By Huang Bin
IP network troubleshooting is typically an uphill climb. Fault location is hindered by an excess or absence of alarms, while fault determination is basically a tedious process of elimination. Both are slow and inefficient; a solution would be welcome.
The architecture of an IP network is highly stratified. A virtual leased line (VLL) service must traverse multiple layers of processing, including the physical layer, link layer, routing protocol, MPLS, and VLL. If a physical fiber breaks, the physical layer, link layer, IP transport layer, and VLL will all be affected. Each will send out a large number of TRAP messages.
Correlation between protocols is also complex. A fiber breakdown will generally cause convergence of the routing protocol, hence the changes in multiprotocol label switching (MPLS) and the label distribution protocol (LDP), and the subsequent plethora of TRAP messages.
The absence of an alarm, however, is much more complex. A fault can be defined as the failure of a network element to perform as expected, but what if there are no expectations? IP architecture, thanks to its fluid nature, makes expectations nearly impossible to systematically define.
The control plane determines the path from the source to the destination. On a traditional circuit-switched (CS) network, the administrator configures the active and standby paths. For each packet, its next hop can be clearly expected, along either the active or standby path. With IP networking, the routing protocol selects the path; the router ‘knows' only the next hop, without knowing the expected service path. Therefore, when a breakdown causes route convergence or a path computation error results in divergence, the router fails to generate an alarm.
Huawei once encountered an NGN voice service failure that lasted for more than 40 minutes, yet the IP bearer network generated no alarm. The culprit was found to be an error in label-switched path (LSP) computation, resulting in mismatch between the computation result and intermediate system-to-intermediate system (ISIS) result, yet no alarm occurred because the protocol that established the LSP did not know the expected path.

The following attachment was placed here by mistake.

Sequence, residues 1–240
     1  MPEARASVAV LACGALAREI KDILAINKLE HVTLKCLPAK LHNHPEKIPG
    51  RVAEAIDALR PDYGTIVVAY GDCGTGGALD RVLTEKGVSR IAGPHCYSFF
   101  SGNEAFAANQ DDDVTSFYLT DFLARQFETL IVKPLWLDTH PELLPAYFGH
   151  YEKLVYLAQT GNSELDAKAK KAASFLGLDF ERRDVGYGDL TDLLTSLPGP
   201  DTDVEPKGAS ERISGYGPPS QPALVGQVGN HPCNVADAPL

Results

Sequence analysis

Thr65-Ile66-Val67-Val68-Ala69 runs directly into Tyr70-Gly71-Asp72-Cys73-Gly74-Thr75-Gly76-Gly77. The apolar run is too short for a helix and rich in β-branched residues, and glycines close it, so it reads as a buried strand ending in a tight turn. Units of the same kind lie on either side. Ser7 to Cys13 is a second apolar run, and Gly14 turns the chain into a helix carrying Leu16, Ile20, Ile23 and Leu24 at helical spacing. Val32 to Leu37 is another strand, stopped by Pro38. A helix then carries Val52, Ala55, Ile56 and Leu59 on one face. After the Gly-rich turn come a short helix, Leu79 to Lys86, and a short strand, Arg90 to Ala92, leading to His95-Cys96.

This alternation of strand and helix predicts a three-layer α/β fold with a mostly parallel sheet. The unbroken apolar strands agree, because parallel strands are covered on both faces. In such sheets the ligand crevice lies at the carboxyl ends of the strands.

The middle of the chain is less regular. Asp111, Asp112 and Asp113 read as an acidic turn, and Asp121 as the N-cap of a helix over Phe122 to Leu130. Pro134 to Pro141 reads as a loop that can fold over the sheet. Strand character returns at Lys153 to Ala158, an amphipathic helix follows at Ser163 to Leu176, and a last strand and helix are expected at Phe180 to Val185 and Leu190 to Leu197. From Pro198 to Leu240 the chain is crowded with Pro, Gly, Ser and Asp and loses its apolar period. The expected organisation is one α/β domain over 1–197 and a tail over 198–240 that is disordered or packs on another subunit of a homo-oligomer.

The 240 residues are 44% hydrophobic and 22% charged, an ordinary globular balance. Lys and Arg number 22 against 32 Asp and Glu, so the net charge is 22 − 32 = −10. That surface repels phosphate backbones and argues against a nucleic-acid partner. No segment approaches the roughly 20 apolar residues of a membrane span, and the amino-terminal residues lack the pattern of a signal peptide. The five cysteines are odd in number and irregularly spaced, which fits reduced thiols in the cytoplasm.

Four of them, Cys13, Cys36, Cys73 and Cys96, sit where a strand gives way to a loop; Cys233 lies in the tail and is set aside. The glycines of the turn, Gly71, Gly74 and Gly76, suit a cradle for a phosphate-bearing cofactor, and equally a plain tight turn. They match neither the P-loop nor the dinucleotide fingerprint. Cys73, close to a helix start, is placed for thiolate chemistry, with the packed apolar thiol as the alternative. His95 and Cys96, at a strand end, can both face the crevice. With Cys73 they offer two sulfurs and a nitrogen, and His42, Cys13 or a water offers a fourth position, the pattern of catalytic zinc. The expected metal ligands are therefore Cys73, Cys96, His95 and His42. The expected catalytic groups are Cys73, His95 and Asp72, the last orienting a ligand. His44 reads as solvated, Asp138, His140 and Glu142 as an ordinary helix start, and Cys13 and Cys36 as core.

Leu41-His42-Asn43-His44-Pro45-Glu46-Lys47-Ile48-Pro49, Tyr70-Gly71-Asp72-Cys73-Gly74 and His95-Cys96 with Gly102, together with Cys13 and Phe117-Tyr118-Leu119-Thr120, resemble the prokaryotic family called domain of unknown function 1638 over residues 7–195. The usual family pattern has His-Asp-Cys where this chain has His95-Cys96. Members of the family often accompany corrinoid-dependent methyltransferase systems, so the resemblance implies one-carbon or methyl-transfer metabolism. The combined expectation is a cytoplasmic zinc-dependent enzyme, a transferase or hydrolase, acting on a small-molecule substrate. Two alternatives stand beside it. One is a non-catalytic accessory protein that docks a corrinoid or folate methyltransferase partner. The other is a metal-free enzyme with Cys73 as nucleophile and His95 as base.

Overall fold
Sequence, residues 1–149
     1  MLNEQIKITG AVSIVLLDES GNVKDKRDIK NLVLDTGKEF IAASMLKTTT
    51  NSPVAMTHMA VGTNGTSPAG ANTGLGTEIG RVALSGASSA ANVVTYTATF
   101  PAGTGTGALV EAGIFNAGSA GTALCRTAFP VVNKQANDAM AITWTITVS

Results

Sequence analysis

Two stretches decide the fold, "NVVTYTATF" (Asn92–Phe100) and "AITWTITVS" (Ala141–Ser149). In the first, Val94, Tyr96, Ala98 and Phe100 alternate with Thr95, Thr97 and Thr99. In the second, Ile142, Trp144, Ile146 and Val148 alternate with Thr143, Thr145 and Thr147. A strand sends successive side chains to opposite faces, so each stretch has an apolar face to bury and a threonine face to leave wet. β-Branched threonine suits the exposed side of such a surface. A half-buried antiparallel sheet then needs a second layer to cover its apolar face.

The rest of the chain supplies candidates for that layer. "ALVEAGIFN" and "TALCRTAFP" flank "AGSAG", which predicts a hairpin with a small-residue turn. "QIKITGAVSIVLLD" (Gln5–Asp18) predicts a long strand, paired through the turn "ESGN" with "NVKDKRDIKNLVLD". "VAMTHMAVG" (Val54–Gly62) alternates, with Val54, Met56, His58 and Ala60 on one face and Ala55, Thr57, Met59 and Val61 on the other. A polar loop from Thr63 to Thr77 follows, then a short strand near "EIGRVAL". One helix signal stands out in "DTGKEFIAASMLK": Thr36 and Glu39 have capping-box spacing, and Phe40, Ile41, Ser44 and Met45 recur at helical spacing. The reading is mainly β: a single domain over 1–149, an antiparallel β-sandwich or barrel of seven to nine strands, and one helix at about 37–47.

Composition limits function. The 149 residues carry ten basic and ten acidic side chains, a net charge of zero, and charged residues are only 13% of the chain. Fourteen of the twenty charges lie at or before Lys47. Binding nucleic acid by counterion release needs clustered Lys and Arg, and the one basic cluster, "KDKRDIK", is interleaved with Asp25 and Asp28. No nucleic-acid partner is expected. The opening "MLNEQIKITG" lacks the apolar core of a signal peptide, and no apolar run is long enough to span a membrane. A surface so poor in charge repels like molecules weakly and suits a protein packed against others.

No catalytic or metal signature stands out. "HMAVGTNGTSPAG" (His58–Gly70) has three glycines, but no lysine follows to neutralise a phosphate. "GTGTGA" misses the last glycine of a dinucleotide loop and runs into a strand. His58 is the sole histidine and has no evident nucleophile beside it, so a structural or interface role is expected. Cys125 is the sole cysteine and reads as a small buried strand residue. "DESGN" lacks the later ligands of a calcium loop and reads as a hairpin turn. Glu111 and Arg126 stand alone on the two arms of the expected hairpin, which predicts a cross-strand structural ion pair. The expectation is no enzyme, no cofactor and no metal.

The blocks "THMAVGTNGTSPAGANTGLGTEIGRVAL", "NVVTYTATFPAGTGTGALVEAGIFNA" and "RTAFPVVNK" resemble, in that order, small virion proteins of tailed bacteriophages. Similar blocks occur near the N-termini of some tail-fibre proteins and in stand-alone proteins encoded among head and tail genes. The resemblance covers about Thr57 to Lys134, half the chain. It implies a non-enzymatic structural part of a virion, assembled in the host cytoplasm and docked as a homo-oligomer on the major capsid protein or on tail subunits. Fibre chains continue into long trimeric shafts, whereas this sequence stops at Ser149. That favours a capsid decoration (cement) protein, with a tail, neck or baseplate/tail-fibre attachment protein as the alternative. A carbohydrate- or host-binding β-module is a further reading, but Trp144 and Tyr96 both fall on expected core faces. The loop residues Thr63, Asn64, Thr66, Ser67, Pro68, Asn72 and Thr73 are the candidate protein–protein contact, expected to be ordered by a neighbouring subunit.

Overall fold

In terms of the forwarding plane, as IP networking is asynchronous, its forwarding mechanism cannot enable clear expectations. A packet from router X may be destined for router Y, but router Y will not be aware that the packet is coming and therefore will not generate an alarm if it fails to arrive.
The most common fault of this kind involves degradation between routers, resulting in packet loss. Without an alarm, such a fault may not be noticed or located for quite some time. Engineers will have to check each router along the path, without any hint as to where to begin.
Root alarm identification
When a flood of alarms comes in, the root alarm must be determined. According to Huawei statistics, most IP network faults stem from hardware and link degradation. Long-distance links are particularly sensitive to their surrounding environment; breakdowns occur from time to time. This generates a large number of alarms and causes interior gateway protocol (IGP) convergence, which leads to an increase in the number of alarms as IGP alarms trigger LSP alarms. In other words, a link alarm can bring about a multitude of protocol alarms.
For this issue, Huawei proposes a two-pronged approach. First, alarms must be classified (environment, hardware, software, interface, link, protocol, or service), with environment and hardware alarms having priority. When a higher-level alarm is resolved, the correlated protocol alarms should disappear automatically. This approach is simple and practical, and should produce the desired result in a short time. Second, an alarm correlation system should be established by vendors that depends on protocol and service. Correlated alarms would be displayed under the root alarm, so the administrator need only deal with the root alarm directly. This approach is certainly more complete, but it is arduous and time-consuming to establish.
Path expectation & detection
When a fault fails to trigger an alarm, current status must be compared against expectations, and must be done from the control plane and forwarding plane perspectives. Although a dynamic protocol is adopted for the IP control plane, it is still physically-based and involves the shortest path-first (SPF) algorithm. The simpler a network is, the clearer the path expectation will be. Small and medium-sized metropolitan area networks (MANs) typically have fewer layers, while active/standby links are usually adopted between layers for protection purposes. For such a network, faults can be effectively handled as long as network topology diagrams are accurate.